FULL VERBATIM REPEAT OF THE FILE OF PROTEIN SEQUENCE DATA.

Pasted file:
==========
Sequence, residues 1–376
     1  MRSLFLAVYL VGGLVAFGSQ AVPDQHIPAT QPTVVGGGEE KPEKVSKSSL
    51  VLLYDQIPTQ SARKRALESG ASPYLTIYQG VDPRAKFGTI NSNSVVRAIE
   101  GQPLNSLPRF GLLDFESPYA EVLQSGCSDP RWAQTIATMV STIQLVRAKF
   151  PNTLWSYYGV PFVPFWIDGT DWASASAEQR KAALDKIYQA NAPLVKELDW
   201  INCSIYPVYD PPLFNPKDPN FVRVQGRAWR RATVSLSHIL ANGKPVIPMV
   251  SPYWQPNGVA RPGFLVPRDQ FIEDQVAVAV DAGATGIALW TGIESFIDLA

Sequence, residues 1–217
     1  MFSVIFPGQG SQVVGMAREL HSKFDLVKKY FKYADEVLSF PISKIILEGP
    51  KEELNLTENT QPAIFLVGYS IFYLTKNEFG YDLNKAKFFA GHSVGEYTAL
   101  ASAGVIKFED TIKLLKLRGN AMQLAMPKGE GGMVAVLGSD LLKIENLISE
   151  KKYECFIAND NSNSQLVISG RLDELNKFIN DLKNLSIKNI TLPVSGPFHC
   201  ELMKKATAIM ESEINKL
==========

Sequence, residues 1–376
     1  MRSLFLAVYL VGGLVAFGSQ AVPDQHIPAT QPTVVGGGEE KPEKVSKSSL
    51  VLLYDQIPTQ SARKRALESG ASPYLTIYQG VDPRAKFGTI NSNSVVRAIE
   101  GQPLNSLPRF GLLDFESPYA EVLQSGCSDP RWAQTIATMV STIQLVRAKF
   151  PNTLWSYYGV PFVPFWIDGT DWASASAEQR KAALDKIYQA NAPLVKELDW
   201  INCSIYPVYD PPLFNPKDPN FVRVQGRAWR RATVSLSHIL ANGKPVIPMV
   251  SPYWQPNGVA RPGFLVPRDQ FIEDQVAVAV DAGATGIALW TGIESFIDLA

Sequence, residues 1–217
     1  MFSVIFPGQG SQVVGMAREL HSKFDLVKKY FKYADEVLSF PISKIILEGP
    51  KEELNLTENT QPAIFLVGYS IFYLTKNEFG YDLNKAKFFA GHSVGEYTAL
   101  ASAGVIKFED TIKLLKLRGN AMQLAMPKGE GGMVAVLGSD LLKIENLISE
   151  KKYECFIAND NSNSQLVISG RLDELNKFIN DLKNLSIKNI TLPVSGPFHC
   201  ELMKKATAIM ESEINKL